A 34-year-old white woman presentswith a 4-month history of diarrhea,with bulky, foul-smelling stools; flatulence;diffuse abdominal discomfort;and episodic nausea and vomiting. Shehas lost 13.5 kg (30 lb) during this period.The patient has had no fever, andher medical, family, and travel historyare unremarkable.
A 34-year-old white woman presents with a 4-month history of diarrhea, with bulky, foul-smelling stools; flatulence; diffuse abdominal discomfort; and episodic nausea and vomiting. She has lost 13.5 kg (30 lb) during this period. The patient has had no fever, and her medical, family, and travel history are unremarkable. Physical examination results and vital signs are normal.
Laboratory values include hemoglobin, 10.5 g/dL (normal, 12 to 16 g/dL); mean corpuscular volume, 73 fL (normal, 80 to 100 fL); and iron, 19 µg/dL (normal, 46 to 178 956;g/dL). Routine stool cultures are negative for ova and parasites, leukocytes, and occult blood. White blood cell count, erythrocyte sedimentation rate, and serum chemistries are normal. Serologic markers for celiac disease are within normal limits: antigliadin IgA, 4 units (normal, 0 to 20 units); antigliadin IgG, 19 units (normal, 0 to 20 units); and endomysium IgA, 2 units (normal, 0 to 20 units).
The results of a colonoscopy are normal; however, upper endoscopy reveals a "scalloped" appearance of the small bowel (Figure 1). Biopsy of the small bowel reveals severe villous blunting, crypt hyperplasia, and a lymphocytic infiltration of the lamina propria, consistent with celiac disease (Figure 2).
Because the serologic markers for celiac disease are IgA- and IgG-based, quantitative serum levels of these immunoglobulins are measured. A severe selective IgA deficiency-IgA less than 5 mg/dL, (normal, 66 to 344 mg/dL)-is detected. Levels of IgG and IgM are normal. The deficiency in IgA would explain why the IgA-based serologic markers were negative for celiac disease. Although the IgG antigliadin antibody level was also normal, it was at the upper limit of the range. The patient starts to follow a gluten-free diet. Within 3 weeks, she is asymptomatic.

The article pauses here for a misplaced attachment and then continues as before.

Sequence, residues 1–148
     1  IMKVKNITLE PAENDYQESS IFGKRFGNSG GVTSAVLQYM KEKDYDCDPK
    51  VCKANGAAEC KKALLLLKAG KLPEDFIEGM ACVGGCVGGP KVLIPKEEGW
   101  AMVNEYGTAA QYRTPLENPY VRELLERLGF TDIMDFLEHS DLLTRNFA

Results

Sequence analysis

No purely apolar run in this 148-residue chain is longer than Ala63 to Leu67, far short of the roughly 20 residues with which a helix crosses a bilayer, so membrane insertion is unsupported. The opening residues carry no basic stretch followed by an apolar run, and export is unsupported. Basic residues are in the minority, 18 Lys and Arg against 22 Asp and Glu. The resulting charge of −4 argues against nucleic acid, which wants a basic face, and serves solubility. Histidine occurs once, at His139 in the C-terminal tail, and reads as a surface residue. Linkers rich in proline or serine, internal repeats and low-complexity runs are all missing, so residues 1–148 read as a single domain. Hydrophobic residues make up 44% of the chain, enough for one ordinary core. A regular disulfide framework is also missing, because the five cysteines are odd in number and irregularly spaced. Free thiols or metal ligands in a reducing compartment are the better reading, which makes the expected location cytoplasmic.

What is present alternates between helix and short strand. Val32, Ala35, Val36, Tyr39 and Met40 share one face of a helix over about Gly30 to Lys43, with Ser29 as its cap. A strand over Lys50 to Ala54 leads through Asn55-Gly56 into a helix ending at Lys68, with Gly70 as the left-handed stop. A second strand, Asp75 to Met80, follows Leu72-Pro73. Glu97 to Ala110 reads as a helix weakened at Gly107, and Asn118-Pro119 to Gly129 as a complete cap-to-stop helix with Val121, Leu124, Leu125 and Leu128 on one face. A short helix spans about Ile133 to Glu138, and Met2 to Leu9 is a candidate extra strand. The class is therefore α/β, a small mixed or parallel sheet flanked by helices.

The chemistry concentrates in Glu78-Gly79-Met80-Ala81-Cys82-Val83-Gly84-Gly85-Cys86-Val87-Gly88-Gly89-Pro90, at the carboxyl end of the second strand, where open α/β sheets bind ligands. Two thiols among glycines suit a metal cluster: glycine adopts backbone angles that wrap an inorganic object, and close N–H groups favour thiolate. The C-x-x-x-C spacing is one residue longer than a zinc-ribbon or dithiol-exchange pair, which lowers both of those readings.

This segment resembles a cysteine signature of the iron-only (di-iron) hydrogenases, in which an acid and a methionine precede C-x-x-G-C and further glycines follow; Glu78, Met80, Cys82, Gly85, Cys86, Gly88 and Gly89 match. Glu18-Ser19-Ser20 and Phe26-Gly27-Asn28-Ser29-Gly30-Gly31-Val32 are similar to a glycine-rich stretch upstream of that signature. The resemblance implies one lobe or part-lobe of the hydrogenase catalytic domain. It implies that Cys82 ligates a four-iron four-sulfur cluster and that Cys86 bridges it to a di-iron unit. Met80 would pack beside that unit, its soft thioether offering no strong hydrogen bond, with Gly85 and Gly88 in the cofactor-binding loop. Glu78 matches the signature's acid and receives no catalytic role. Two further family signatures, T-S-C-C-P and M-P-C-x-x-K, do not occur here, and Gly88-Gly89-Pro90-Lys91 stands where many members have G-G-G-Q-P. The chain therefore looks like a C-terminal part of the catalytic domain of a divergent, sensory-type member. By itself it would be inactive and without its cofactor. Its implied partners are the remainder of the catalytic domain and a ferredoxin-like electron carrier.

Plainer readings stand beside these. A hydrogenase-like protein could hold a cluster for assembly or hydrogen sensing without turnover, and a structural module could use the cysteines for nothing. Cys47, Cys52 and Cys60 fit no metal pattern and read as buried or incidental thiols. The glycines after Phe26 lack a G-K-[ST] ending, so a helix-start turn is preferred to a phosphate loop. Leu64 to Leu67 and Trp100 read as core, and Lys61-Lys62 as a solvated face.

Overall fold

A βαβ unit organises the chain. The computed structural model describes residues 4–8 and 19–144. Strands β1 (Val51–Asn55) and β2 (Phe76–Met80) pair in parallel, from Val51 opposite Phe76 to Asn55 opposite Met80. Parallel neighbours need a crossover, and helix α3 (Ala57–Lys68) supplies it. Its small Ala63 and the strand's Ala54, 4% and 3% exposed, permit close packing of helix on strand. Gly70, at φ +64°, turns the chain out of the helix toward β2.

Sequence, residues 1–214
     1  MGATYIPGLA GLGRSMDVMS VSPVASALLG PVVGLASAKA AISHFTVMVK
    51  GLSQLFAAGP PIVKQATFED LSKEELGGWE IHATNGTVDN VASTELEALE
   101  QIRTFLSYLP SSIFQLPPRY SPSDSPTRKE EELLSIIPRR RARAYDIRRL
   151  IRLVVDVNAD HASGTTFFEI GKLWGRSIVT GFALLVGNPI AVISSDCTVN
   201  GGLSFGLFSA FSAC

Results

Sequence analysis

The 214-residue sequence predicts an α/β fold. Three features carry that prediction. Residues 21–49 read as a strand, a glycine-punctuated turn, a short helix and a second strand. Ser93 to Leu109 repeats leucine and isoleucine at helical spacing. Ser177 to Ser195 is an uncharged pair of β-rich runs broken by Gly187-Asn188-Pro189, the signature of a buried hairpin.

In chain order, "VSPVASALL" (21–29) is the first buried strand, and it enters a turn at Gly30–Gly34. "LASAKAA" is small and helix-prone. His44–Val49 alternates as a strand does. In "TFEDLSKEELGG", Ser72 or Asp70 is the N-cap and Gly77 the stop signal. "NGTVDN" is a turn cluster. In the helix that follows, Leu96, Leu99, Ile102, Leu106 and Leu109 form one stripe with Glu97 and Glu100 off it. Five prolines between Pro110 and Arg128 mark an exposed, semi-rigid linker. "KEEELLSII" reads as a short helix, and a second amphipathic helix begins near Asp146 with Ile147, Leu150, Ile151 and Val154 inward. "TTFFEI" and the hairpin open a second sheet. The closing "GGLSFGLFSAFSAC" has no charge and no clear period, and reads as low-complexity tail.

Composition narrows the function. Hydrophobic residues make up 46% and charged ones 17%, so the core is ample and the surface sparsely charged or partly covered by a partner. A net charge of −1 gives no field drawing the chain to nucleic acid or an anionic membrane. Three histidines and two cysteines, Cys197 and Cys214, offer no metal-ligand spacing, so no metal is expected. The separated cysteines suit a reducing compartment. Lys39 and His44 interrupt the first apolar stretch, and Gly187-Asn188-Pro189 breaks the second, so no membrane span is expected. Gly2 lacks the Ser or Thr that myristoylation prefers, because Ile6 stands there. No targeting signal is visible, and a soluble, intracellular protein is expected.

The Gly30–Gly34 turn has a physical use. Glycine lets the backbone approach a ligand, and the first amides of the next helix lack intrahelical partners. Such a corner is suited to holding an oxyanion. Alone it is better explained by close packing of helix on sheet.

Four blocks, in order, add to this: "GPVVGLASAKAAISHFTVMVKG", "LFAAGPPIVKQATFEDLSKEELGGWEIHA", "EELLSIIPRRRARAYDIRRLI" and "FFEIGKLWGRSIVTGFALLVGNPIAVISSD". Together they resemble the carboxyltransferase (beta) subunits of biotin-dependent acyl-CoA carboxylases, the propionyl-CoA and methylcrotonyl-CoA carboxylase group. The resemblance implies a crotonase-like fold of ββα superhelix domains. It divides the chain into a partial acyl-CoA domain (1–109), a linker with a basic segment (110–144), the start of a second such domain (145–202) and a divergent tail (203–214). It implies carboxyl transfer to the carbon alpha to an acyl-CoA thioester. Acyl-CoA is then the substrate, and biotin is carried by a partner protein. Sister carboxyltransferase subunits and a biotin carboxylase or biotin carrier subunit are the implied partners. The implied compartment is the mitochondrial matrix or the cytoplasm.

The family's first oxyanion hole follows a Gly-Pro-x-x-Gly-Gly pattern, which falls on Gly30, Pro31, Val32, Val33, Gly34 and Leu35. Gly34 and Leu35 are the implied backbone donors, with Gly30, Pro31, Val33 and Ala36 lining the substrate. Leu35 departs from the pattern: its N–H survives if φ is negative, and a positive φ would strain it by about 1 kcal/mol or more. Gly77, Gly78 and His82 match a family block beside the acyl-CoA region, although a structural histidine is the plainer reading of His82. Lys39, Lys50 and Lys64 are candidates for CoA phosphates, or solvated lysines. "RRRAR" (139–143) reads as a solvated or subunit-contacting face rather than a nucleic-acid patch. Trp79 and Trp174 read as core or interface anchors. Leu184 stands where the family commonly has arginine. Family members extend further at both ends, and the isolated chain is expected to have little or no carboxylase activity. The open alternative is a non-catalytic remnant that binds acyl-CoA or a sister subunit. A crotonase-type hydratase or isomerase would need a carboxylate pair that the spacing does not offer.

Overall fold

CELIAC SPRUE AND SELECTIVE IgA DEFICIENCY
Selective IgA deficiency. This is the most common primary immunodeficiency; 1 in 700 persons are affected. 1 Although most persons with selective IgA deficiency remain asymptomatic, a small percentage experience recurrent infections. These include frequent infections of the upper and lower respiratory tracts and the middle ear.2 In addition, IgA deficiency is associated with autoimmune disorders, including celiac disease, Hashimoto thyroiditis, Sjgren syndrome, and systemic lupus erythematosus. Eight percent of patients with IgA deficiency have celiac disease; however, only 2% of patients with celiac disease have IgA deficiency.3,4
Celiac sprue. This disease is caused by an abnormal immune-system response to dietary gluten, which results in damage to the mucosa of the small intestine. The damaged mucosa heals when gluten is removed from the diet and relapses when gluten is reintroduced. The principle sources of dietary gluten are wheat, rye, and barley. Although classically a disease of infants, celiac sprue often occurs later, between the ages of 10 and 40 years.
Patients may describe bulky, foul-smelling stools and floating stools that are caused by steatorrhea. The consequences of malabsorption include growth failure, weight loss, and anemia. Serum antigliadin and endomysial antibody levels are frequently elevated in patients with untreated celiac disease and have been used as markers in serologic screening tests. Serum IgA endomysial antibody testing has the highest diagnostic accuracy, with a specificity of 97% to 100% and a sensitivity of 85% to 99%. Serum IgA antigliadin antibody testing has a sensitivity of 80% to 90% and a specificity of 85% to 95%. Serum IgG antigliadin antibody testing has a sensitivity of 75% to 85% and a specificity of 75% to 90%.5 The serum level of tissue transglutaminase has been touted as the most sensitive and specific marker for celiac sprue.
Testing is based on IgA antibodies to tissue transglutaminase, which is believed to be the autoantigen to which endomysial antibodies react. Studies have shown that the specificity of the antitransglutaminase test is comparable to that of the antiendomysial test. However, some investigators have observed that the antitransglutaminase test is more sensitive; it detects celiac sprue in 98% to 100% of affected patients.6THE "TAKE-HOME" MESSAGE
If you strongly suspect celiac sprue but the patient’s serum antigliadin and endomysial antibody levels are normal, a small-bowel biopsy is essential for diagnosis. If the biopsy result is consistent with celiac sprue and the patient’s symptoms respond to a gluten-free diet, consider a concomitant selective IgA deficiency and order a quantitative immunoglobulin panel.